The Trump administration told a district judge in California on Monday that it will only be able to reunite about half of the migrant children under age five with their families by Tuesday, the Los Angeles Times reports.
The deadline was imposed last month by a federal judge, who ordered the Trump administration to reunite families that were separated as a result of its "zero tolerance" policy by July 26th, and to reunite children under the age of five with their parents by July 10th.
Last week, Secretary of the Department of Health and Human Services (DHS) Alex Azar said that officials were working to meet the deadlines, but by that evening the Department of Justice had filed a motion asking for an extension. DHS has been using an expedited DNA verification process to quickly confirm family relationships, but the Times reported at the time that "the government worrie[d] that some cases could prove to be more complex and might not be verified by the imposed deadline."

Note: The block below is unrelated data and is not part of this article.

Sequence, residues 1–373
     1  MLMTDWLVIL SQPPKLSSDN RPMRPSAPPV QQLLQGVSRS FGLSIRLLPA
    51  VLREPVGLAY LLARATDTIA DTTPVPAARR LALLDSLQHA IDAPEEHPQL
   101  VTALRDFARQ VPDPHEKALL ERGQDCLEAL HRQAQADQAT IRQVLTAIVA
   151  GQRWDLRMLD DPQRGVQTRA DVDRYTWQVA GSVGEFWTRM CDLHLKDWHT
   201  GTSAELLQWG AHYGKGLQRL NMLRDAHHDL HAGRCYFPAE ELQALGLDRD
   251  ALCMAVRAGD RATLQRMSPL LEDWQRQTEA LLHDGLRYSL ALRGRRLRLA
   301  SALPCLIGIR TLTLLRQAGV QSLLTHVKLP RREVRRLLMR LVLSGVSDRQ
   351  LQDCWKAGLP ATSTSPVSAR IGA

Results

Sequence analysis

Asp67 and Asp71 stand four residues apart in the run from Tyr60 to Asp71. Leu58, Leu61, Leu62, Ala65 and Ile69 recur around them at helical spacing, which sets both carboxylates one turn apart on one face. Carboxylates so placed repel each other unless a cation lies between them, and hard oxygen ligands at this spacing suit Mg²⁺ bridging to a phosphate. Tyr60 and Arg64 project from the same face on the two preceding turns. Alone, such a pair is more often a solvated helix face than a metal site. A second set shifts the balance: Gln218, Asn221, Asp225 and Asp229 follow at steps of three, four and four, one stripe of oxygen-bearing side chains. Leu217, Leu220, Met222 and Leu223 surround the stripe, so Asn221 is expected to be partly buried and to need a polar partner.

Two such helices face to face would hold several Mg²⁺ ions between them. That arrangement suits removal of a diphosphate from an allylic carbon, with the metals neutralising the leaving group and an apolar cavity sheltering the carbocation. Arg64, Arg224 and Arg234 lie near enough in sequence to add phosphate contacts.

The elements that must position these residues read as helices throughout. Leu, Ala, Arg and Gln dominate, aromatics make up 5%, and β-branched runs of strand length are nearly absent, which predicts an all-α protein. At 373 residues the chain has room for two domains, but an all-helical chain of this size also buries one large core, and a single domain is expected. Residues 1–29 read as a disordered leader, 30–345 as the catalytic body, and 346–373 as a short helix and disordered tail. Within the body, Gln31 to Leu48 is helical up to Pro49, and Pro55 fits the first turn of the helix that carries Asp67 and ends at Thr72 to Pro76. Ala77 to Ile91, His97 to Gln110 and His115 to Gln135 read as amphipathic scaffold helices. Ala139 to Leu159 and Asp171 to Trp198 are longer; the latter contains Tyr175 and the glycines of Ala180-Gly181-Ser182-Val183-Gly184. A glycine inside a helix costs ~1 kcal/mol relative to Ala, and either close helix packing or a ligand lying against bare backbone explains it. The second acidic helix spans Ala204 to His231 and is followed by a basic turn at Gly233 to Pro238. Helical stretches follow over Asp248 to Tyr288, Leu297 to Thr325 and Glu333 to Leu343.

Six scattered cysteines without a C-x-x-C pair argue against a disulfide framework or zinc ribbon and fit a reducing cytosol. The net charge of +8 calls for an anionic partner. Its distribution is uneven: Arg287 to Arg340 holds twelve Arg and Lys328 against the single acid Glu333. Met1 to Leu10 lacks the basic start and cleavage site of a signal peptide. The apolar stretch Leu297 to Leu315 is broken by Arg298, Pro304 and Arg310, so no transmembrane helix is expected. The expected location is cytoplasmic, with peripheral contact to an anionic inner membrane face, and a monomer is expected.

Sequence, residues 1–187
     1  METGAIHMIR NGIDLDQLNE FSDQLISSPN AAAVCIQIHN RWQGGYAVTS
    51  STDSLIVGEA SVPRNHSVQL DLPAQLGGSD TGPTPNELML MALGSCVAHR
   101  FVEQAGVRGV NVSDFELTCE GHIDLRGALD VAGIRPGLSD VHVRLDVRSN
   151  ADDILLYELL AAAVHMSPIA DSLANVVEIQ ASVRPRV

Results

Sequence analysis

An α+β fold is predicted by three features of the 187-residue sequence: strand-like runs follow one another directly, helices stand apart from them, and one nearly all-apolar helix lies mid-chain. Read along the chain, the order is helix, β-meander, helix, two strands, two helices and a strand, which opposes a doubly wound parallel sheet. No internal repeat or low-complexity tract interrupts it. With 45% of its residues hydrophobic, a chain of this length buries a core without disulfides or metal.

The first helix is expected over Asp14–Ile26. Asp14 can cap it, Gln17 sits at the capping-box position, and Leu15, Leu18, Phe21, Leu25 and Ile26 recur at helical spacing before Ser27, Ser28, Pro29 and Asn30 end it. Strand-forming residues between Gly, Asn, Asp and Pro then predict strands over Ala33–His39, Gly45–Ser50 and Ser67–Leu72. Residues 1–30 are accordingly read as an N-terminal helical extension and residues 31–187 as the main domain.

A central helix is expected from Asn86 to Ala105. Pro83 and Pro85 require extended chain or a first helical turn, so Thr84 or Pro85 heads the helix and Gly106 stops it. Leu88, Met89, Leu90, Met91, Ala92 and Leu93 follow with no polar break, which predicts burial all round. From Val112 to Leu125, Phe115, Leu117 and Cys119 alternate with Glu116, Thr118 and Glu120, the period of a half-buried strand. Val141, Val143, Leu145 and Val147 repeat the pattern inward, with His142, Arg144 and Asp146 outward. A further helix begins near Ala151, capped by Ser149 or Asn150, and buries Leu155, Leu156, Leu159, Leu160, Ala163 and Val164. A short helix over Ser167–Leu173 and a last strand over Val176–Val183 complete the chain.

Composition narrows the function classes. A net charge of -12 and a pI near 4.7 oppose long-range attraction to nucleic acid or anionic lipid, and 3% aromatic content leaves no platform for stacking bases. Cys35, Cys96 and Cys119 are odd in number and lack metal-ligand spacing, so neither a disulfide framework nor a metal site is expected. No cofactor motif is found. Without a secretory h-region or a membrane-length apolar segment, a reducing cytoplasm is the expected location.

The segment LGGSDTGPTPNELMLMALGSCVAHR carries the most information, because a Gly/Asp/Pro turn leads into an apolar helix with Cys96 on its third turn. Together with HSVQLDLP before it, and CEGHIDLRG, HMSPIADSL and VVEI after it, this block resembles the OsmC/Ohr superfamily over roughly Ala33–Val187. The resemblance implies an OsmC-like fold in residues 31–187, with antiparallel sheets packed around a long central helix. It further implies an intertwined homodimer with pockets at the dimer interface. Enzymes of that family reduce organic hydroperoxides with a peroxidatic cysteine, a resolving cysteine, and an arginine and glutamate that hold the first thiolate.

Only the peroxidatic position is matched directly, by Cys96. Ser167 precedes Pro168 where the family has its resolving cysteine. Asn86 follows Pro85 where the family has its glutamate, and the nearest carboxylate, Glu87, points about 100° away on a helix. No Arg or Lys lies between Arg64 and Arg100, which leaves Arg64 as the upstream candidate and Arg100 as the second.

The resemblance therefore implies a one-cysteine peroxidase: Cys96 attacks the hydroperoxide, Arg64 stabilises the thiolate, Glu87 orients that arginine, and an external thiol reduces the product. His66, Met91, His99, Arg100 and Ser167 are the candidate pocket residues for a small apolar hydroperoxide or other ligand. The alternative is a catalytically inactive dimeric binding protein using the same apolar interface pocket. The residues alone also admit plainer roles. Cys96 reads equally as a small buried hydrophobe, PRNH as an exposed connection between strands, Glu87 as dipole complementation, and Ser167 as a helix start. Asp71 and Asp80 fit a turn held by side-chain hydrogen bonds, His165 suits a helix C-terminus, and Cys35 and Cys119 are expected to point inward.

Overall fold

Though the government expects 54 of the 102 identified children under five to be reunited with their parents by Tuesday's deadline, as of Monday afternoon, only two had actually been reunited, the Times reports.
"It's extremely disappointing that the Trump administration looks like it will fail to reunite even half the children under five with their parents," Lee Gelernt, deputy director of the American Civil Liberties Union's Immigrants' Rights Project, said in a statement on Sunday. "These kids have already suffered so much because of this policy, and every extra day apart just adds to that pain." The ACLU sued earlier this year to force the government to reunite migrant families.